As a wide receiver with the Ravens, Anquan Boldin delivered in clutch situations. Boldin is still doing that as a retired NFL player who is deeply involved in social activism around the country.
He recently helped thousands of people gain easier access to COVID-19 vaccinations in his hometown of Pahokee, Fla. and surrounding areas. The story of Boldin's successful efforts was reported by CBS's "60 Minutes," and his status as a hometown hero has been elevated to even greater heights.
Recognition has never been Boldin's primary objective, and this situation was no different. When he saw people in need, Boldin went into football mode. He became a difference-maker.
"I was really concerned," Boldin said during a telephone interview. "Down here in Florida, the governor was distributing the vaccine through the Publix grocery store chain. Where I'm from, the nearest Publix is 30 miles away. You have people in those communities that don't have transportation. Some people don't have internet access to get online to get an appointment. There were a lot of things preventing people in those areas from getting vaccinations.
"I contacted the governor's office. I have a friend, John Davis, who is Florida Secretary of the Lottery. We both played at Florida State, we're from the same hometown. I connected with him, we jumped on a call with the governor's office. Within a week, we had a vaccine site set up."
The vaccine site in Pahokee is Anquan Boldin Football Stadium, the complex named after the man who was a star NFL wide receiver for 14 seasons (2003-2016), including three years with Baltimore (2010-12), where he played crucial role in the 2012 playoff run that climaxed with the Ravens' victory in Super Bowl XLVII.
Imagine the pride the 40-year-old Boldin must feel when he sees people getting vaccinated at a stadium that's named after him, knowing that he played a critical role in making it happen. Again, Boldin says it's not about him. It's about helping others.
"I know people personally who've died from COVID – family members, close friends, friends of the family," Boldin said. "I know other people who've had severe symptoms, didn't die, but were hospitalized for weeks. Some of them are still dealing with symptoms. I understand that it's real. For me to see people getting the vaccine, getting some protection against this virus, means a lot."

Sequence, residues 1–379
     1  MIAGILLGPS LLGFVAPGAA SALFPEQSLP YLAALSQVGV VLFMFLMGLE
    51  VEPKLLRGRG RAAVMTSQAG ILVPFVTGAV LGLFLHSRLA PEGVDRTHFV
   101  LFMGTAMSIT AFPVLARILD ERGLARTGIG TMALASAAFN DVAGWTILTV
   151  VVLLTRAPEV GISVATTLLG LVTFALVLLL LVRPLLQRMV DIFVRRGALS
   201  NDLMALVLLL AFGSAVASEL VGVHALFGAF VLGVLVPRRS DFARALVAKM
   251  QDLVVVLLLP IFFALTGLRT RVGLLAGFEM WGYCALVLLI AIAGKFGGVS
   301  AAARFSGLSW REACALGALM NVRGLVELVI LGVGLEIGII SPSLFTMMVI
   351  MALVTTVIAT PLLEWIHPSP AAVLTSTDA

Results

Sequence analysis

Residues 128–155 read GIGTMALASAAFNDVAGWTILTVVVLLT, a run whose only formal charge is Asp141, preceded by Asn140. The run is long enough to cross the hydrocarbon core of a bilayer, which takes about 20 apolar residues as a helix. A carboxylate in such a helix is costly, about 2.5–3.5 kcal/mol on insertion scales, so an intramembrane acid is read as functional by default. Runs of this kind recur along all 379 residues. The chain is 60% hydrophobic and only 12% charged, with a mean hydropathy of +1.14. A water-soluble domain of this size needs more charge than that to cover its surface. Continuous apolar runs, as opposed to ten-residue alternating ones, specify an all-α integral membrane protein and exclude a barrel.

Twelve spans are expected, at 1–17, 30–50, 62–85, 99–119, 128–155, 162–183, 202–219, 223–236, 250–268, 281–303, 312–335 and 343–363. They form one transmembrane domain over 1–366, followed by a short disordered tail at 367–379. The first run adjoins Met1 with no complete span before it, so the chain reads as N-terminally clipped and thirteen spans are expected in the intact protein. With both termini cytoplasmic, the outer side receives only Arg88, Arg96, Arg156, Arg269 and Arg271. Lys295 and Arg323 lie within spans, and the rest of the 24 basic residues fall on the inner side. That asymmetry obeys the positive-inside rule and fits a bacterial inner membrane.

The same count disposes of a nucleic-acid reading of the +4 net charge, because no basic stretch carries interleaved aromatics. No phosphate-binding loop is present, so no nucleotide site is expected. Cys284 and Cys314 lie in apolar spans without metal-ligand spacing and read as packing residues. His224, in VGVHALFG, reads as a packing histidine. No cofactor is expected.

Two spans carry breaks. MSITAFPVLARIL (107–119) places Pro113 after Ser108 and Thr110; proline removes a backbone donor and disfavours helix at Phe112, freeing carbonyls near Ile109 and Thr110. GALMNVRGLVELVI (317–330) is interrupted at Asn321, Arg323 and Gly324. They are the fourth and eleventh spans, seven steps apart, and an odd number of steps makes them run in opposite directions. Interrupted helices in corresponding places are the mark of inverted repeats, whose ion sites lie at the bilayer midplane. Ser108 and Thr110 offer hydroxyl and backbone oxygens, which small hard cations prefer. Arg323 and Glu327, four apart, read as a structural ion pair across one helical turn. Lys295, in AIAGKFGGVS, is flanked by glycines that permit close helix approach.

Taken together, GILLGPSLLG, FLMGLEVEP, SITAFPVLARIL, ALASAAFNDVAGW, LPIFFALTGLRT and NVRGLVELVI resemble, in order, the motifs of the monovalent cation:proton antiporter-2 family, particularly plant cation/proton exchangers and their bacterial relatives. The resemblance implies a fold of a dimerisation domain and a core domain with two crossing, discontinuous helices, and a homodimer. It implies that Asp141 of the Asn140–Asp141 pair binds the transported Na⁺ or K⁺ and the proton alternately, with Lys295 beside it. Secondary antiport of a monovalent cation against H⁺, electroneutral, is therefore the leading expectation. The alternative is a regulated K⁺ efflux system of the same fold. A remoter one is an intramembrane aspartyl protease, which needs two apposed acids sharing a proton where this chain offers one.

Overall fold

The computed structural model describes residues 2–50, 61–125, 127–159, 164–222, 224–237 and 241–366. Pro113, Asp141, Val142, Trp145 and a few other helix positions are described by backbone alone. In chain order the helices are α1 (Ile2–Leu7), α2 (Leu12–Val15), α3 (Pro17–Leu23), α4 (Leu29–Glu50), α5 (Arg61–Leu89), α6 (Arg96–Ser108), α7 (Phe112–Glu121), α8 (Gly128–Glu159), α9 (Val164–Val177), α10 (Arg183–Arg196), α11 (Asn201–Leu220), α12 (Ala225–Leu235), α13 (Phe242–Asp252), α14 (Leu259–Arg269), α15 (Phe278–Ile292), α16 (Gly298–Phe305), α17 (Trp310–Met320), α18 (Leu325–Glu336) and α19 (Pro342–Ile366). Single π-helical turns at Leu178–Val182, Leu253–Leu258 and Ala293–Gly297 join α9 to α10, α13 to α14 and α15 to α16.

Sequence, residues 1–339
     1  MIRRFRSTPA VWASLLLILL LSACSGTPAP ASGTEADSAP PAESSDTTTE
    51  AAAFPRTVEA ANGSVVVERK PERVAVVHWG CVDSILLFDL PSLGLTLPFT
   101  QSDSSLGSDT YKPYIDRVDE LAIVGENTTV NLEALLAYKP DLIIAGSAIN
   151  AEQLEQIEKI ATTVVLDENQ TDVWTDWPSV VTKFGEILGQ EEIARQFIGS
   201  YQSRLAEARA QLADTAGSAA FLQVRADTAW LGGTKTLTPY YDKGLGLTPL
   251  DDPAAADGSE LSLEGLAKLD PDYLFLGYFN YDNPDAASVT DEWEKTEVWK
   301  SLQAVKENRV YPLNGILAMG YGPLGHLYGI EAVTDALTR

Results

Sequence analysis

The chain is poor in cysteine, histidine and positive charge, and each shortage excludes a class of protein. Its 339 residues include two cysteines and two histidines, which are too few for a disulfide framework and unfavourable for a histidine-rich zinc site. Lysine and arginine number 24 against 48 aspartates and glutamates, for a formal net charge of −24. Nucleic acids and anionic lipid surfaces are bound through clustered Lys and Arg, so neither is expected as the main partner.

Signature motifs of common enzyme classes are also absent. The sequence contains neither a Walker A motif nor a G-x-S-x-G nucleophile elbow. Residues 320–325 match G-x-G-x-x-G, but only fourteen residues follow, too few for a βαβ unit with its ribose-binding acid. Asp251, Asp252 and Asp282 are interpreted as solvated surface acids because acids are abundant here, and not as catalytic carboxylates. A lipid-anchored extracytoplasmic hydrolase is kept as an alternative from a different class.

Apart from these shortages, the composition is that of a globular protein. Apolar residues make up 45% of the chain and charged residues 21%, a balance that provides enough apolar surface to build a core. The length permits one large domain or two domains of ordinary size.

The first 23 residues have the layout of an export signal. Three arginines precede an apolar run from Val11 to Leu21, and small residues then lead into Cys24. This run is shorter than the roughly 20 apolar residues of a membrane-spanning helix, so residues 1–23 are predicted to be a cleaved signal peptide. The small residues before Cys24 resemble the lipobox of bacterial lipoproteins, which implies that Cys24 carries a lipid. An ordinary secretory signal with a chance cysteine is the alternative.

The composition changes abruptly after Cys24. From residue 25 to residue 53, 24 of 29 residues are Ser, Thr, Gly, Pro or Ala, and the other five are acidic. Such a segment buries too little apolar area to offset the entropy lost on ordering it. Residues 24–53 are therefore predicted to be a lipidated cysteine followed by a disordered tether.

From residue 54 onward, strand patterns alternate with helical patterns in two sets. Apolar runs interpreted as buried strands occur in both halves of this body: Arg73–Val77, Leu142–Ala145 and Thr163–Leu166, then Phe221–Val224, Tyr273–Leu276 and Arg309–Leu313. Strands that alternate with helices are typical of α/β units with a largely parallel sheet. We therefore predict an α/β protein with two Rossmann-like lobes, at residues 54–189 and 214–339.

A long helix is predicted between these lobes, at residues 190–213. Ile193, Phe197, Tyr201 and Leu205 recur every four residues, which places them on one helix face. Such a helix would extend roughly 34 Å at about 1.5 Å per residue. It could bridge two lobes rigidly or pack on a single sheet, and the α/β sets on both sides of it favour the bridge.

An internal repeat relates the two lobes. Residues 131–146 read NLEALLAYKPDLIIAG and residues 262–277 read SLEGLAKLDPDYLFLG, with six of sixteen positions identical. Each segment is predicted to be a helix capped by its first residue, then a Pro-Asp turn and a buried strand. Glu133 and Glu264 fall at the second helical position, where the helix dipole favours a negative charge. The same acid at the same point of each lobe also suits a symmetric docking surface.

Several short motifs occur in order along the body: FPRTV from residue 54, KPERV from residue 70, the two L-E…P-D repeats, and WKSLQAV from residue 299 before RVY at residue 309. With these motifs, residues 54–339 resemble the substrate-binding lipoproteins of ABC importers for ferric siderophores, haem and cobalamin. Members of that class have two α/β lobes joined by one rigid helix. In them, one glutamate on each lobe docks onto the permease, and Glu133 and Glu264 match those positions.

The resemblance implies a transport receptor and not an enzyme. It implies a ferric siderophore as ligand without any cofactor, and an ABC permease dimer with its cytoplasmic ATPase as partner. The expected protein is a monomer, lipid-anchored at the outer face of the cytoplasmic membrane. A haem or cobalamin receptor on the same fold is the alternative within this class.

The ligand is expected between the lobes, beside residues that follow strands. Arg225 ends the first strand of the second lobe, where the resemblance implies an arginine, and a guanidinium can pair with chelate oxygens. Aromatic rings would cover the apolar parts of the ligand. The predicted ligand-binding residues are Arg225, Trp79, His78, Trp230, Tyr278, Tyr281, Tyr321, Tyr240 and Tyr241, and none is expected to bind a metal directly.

Boldin is a co-founder of the Players Coalition, an organization that includes athletes from various sports who are dedicated to improving social justice and racial equality. As a retired athlete, he's still trying to make a difference. The subject of police brutality became personal for Boldin in 2015 when his cousin, Corey Jones, was shot to death by former Palm Beach Gardens police officer Nouman Raja, who was found guilty of first-degree murder and manslaughter and sentenced to 25 years.
The scars from losing his cousin remain with Boldin, who said he cannot watch the ongoing trial of Derek Chauvin, the Minneapolis police officer charged with murder in the death of George Floyd.
"For my sanity, I don't watch when that trial comes on television," Boldin said. "But I'm concerned. In spite of the clear evidence, we've seen officer after officer clearly be in the wrong and get off. I just hope justice is done."
Boldin does follow the Ravens closely, and he was excited when the Ravens signed Sammy Watkins, a veteran wide receiver who is coming to Baltimore hoping to add a missing ingredient to the offense. Boldin knows what that feels like, and he offered Watkins a piece of advice.
"I was so excited when I got traded to Baltimore, because I thought I could help win a championship," Boldin said. "The thing that allowed me to succeed was, I didn't try to do things exactly the same way I did it before. My advice to Sammy would be, find out how they do things with the Ravens, and be all-in with that.
"Lamar Jackson can throw the ball. You go back to what he did at Louisville, he's proven that he's not just an athlete playing quarterback, but he's a quarterback with athletic ability. I'm excited to see what happens next year."
While he's helping people in Florida get vaccinated, and working with the Players Coalition around the country, a piece of Boldin always remains in Baltimore, and with the Ravens.
"I played in Baltimore for three years, but it still feels like I was there the majority of my career," Boldin said. "That's because of the way I fit, and the way the city of Baltimore embraced me and my family from Day 1. I'll never forget that."